Archive for February, 2014


Monday, February 24th, 2014

Gaza was once a band. Now, they're a better band, and are called Cult Leader. Gaza was one of the first heavy concerts I ever attended back when I was in my early teens, and I've always loved their music. It's safe to say they rank among the best bands that Salt Lake City has ever produced. I was fortunate enough to get drummer Casey Hansen to send us a list of five songs to listen to, so read on:


1. The Electrician – Scott Walker The hardest thing to do in music is to marry true dissonance, discord, weirdness, and darkness with beauty and do it in a way that doesn't sound mashed together and underdeveloped. This song finds a way to flawlessly bridge musical chasms like nothing I've heard before.


2. Night Terrors – Cursed There's a reason everyone rips this band off and nobody wants to admit it.


3. Reckless Burning – Jesse Sykes and Sweet Hereafter Just an amazing song. There's nothing I can say about this song to add or detract from it.


4. They Sent You – Mare This band put out one EP ever, and it's amazing. Because of that, the potency of their catalog is perhaps stronger than anyone's. I've still never really heard a band to fairly compare this to. Pure genius.


5. Concubine – Converge Mind-bending, game-changing, and life-changing. For me anyway, that's pretty much all there is to say.

Huge thanks to Casey and Cult Leader for their time. Look out for their debut EP "Nothing For Us Here", coming in April via Deathwish, Inc. Tune in to Thought Forge Sundae, Mondays at 10 pm CST to hear bands featured on FIVE SONGS TO LISTEN TO.




Thursday, February 20th, 2014

Hello KWURians,

For our first FIVE SONGS TO LISTEN TO of the spring semester, we reached out to Portland, ME's Falls of Rauros, who've been one of my favorite American black metal bands for several years now. They gave us an aweomse five songs, so check them out below!


Arab Strap – "Fucking Little Bastards" These guys are, to me, unrivaled in their outward projection of self-loathing and a sort of arrogance laced with beauty and dark humor. This song in particular is deafening.

Six Organs of Admittance – "S/Word and Leviathan" Incredibly tense without letting up. Twelve minutes of immense droning "folk." Even better in sequence with the rest of this album.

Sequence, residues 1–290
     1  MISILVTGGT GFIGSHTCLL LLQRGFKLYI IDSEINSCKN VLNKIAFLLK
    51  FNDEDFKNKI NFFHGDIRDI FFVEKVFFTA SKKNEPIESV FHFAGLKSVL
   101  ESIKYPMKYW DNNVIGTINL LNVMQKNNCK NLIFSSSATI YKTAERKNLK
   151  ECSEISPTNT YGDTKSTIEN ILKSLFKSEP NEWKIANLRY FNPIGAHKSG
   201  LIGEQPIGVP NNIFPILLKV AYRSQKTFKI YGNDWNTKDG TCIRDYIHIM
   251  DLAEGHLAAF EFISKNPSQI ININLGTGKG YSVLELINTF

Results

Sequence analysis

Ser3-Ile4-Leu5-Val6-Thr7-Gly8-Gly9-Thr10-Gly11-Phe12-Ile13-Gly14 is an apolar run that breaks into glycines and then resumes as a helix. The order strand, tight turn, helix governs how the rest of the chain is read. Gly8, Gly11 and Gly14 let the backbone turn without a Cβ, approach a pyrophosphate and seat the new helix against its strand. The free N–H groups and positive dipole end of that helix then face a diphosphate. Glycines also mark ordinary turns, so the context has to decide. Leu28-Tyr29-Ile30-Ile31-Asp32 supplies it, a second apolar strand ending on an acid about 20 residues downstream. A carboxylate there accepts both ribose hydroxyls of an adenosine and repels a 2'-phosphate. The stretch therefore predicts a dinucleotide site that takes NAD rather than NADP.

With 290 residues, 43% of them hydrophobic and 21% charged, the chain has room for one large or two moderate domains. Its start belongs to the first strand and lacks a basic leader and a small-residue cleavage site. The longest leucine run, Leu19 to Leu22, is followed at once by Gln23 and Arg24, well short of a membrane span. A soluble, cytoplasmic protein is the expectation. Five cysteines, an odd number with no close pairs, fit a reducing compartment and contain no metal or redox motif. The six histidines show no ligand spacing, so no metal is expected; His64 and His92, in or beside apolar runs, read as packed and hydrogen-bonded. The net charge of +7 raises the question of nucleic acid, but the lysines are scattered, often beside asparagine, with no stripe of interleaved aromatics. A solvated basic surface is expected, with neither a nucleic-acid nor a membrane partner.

Silver Jews – "Death of An Heir of Sorrows" David Berman is a long-time master of wry alt-country songcraft. This one is very, very sad.

Julianna Barwick – "One Half" Beautiful. Multi-layered vocal parts woven with strings, synthesizer and guitar. A really gorgeous result.

Magnolia Electric Co. – "Take One Thing Along" I'd imagine this song could bring a stillness or silence to any crowd that heard it. Jason passed away about a year ago and is missed wildly.


Huge thanks to Falls of Rauros for their time. Be sure to check out their upcoming split with black metal stalwarts Panopticon (here), and download their incredible 2011 full-length, "The Light That Dwells in Rotten Wood", available via their bandcamp. Tune in to THOUGHT FORGE SUNDAE, Mondays at 10 pm CST to hear bands that are featured in FIVE SONGS TO LISTEN TO.


Sweet Leaf.

Thursday, February 13th, 2014



Black Sabbath are, for the most part, un-fuck-with-able. There's a timeless aura to every Sabbath track, and an air of almost too-cool effortlessness by which every song passes through your eardrums. Case in point, "Sweet Leaf". It's been a favorite song of mine for years upon years now, and it fits the bill for "classic Sabbath" in every way possible – a tremendously groovy blues crunch, a paean to that most holiest of herbs, a quick midsection freakout and a return to minor pentatonic glory, all topped off with Ozzy's signature vocals. Here's the thing though – it's all ups and no downs. I'm not just speaking to Iommi's riff. I'm talking about the general tone: weed as an indispensable element to the Sabbath image. Even the non-metalheads out there can conjure the image of the basement stoner, pleasantly and unobtrusively enlightened, using his dad's "Sabbath Bloody Sabbath" LP as a joint-rolling surface. It's all ups, man. 

Enter Primitive Man. Primitive Man give us the downs to Sabbath's ups. Their take on "Sweet Leaf" reflects an experience similar to my own with marijuana. It's unrelenting, misanthropic, and oppressive. The classic bluesy stomp is drawn out, off-kilter, and full of warped menace. The vocals, instead of the Ozzfather's trademark wail, are indecipherable, orchestrated chaos contained within walls that shift and sway in accordance with a deranged beat. Primitive Man feel too big for the room, each element straining against the boundaries between metal and noise. Instead of fuzzed-out stoner metal, we get viscous sludge. Instead of a danceable middle section, we get a raw blastbeat and a glimpse at clarity, only for everything to slide back down into a pitch-black void. When some semblance of that glorious riff emerges from the gloom, it's a relief from the murk, but not from the song itself. It still sits there in the back of my head, replaying itself over and over, a reflection of twisted paranoia and schizophrenic terror. This is not a happy song anymore, and there are two sides to every coin.


Primitive Man's cover of "Sweet Leaf" is availble only on cassette via Tartarus Records (unfortunately, they are currently sold out). You can listen via bandcamp.

Thanks for reading,